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Hudson-Mohawk Genealogical and Family Memoirs:
Hotaling

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[This information is from Vol. IV, pp. 1504-1506 of Hudson-Mohawk Genealogical and Family Memoirs, edited by Cuyler Reynolds (New York: Lewis Historical Publishing Company, 1911). It is in the Reference collection of the Schenectady County Public Library at R 929.1 R45. Some of the formatting of the original, especially in lists of descendants, may have been altered slightly for ease of reading.]

From the time of the Dutch ancestor, Mathys Hooghteeling, this name had caused deepest woe to those bearing it, on account of the many ingenious ways it can be spelled. Houghteling is one of the most common forms, but the tendency now seems to be toward the simpler form, Hotaling. Mathys Hooghteeling was born 1644 (it is supposed in Holland), died 1706. He is the first of his name in the Hudson Valley. In 1697 a patent of land was granted him in Rensselaerwyck in the present town of Coxsackie. He married Maria Hendrickse and had three sons and two daughters.

(II) Coenradt, son of Mathys and Maria (Hendrickse) Hotaling (Hooghteeling), was born about 1667. He married, 1688, Tryntja Willemse Van Slyck, and had eleven children.

(III) Willem, second child of Coenradt and Tryntja W. (Van Slyck) Hotaling, was baptized January 17, 1692. He was a farmer and a freeholder of the town of Bethlehem, Albany county, in 1742. He married Lena Uzile, November 9, 1716, and had nine children.

(IV) Jonathan, son of Willem and Lena (Uzile) Hotaling, was baptized September 12, 1736. He married Jannetie Slingerland, November 2, 1754. He cultivated a farm in New Scotland and Bethlehem, and died, leaving sons, Coenrad, Johannes and Wouter. His eldest child and only daughter was Neeltje, baptized September 28, 1755.

(V) Coenrad, son of Jonathan and Jannetie (Slingerland) Hotaling, was baptized November 1, 1761, died in the town of Berne in 1831. He owned a large tract of land which, at his death, was divided among his two sons, Aaron and Jonathan. Coenrad was an active member of the Methodist Episcopal church, and was a class leader. He was a Democrat and a man of influence in his town. He was twice married. Children:

  1. Aaron, of whom further;
  2. Jonathan, died in Montezuma, New York, in 1903, leaving a son, Gabriel;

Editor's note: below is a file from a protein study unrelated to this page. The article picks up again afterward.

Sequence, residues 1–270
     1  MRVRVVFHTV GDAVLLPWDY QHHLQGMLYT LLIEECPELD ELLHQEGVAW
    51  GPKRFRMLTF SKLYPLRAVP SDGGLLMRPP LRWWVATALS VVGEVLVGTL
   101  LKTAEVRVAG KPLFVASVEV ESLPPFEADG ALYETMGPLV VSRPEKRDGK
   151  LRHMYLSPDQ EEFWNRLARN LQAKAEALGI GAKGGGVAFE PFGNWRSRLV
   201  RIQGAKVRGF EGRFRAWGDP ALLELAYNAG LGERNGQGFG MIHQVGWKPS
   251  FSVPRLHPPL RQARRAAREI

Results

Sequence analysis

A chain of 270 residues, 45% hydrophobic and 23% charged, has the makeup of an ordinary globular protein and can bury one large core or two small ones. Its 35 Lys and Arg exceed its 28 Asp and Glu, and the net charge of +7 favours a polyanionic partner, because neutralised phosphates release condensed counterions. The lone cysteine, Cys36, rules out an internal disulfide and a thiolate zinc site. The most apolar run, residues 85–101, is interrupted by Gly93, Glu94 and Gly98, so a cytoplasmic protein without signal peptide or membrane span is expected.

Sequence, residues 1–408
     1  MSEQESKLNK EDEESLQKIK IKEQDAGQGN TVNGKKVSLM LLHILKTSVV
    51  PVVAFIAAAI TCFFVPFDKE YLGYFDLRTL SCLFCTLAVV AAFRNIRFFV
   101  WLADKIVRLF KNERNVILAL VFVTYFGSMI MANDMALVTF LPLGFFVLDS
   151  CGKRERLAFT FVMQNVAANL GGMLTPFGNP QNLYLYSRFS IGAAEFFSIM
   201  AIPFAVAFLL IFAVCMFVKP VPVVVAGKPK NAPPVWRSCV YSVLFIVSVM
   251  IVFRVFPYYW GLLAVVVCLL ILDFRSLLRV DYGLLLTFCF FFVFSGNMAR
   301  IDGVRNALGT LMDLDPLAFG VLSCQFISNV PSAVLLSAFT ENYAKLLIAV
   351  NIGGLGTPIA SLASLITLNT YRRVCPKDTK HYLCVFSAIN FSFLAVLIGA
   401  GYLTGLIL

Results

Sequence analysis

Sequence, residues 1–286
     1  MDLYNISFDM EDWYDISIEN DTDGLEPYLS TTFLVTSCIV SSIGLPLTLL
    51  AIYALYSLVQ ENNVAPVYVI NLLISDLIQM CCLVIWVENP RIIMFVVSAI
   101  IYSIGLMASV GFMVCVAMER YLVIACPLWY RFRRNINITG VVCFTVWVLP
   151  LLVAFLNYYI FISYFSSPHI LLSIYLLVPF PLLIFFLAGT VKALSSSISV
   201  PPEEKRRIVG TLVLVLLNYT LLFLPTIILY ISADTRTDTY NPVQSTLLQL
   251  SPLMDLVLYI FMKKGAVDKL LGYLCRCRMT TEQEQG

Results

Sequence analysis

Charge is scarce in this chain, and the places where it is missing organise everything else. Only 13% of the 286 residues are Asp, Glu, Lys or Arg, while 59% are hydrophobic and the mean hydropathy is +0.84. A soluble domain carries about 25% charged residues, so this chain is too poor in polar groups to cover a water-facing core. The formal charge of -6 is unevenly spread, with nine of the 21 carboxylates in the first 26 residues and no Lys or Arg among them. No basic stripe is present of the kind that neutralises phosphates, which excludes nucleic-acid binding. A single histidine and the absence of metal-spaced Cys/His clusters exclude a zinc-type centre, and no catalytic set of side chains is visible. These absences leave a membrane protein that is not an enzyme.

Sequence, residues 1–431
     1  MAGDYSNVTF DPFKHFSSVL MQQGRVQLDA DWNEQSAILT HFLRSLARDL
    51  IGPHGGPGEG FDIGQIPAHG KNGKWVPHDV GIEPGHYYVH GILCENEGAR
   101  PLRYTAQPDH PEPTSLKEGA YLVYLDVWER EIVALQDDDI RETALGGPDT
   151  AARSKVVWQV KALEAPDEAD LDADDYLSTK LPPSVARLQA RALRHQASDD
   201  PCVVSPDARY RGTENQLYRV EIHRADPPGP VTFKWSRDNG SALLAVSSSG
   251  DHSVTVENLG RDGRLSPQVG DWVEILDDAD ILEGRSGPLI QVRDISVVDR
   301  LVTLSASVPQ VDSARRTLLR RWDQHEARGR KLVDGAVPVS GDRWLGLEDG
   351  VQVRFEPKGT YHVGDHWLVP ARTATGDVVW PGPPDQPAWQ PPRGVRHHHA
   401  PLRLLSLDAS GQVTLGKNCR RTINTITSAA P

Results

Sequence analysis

3. Solomon, settled in the west, where he married, and had thirteen children.

(VI) Aaron, son of Coenrad and Janetta (Bogardus) Hotaling, was born in the town of New Scotland, Albany county, New York, in 1797, died in the city of Albany in 1866. At the division of his father's property it was supposed that he got the less valuable half, but he later discovered upon it quarries of bluestone that made him a very rich man. Albany sidewalks are paved almost exclusively with flagstones taken from these quarries, and innumerable carloads have been shipped to distant points. In 1855 he retired from the active operation of his quarries and settled in a comfortable home in Albany, where he died eleven years later. The quarries are located near Reedville, in the town of Berne, and are yet a source of supply for flagging purposes. He was originally a member of the Methodist Episcopal church, but later became connected with the First Baptist Church in Albany. He was a man of religious nature, and lived a most exemplary life. In politics he was a Democrat. He married, in 1826, in Berne, Mary (Polly) Rogers, born in Albany county about 1800, died in Albany shortly after the removal to that city in 1855. She was a daughter of Captain Thomas and ———— (Wheat) Rogers. Captain Thomas Rogers was a soldier of the revolution. He was extensively engaged in lumbering and gained his title of captain from his river operations. He owned large tracts of timber in Washington county, and drove his logs, when practicable, down the Hudson to mills below. He was a well-known character, and with Deacon Philips, established the First Baptist church in Albany county, and was officially connected with it during his lifetime. He was one of the leading business men of his day. His two sons, Dr. Samuel and Dr. Hiram Rogers, went west, settled in Quincy, Illinois, where they helped to organize and build the Chicago, Burlington & Quincy Railroad. They became well known as prosperous business, rather than as professional men. His son, Thomas Rogers, was a farmer of New Scotland, and still another, Peniel, also settled in Quincy, Illinois, married, and left two sons, George, a prominent attorney of Springfield, Illinois, and Hiram, leading druggist of Quincy. Captain Thomas Rogers died in Berne in 1849, in the ninety-first year of his age. Children of Aaron and Mary Hotaling: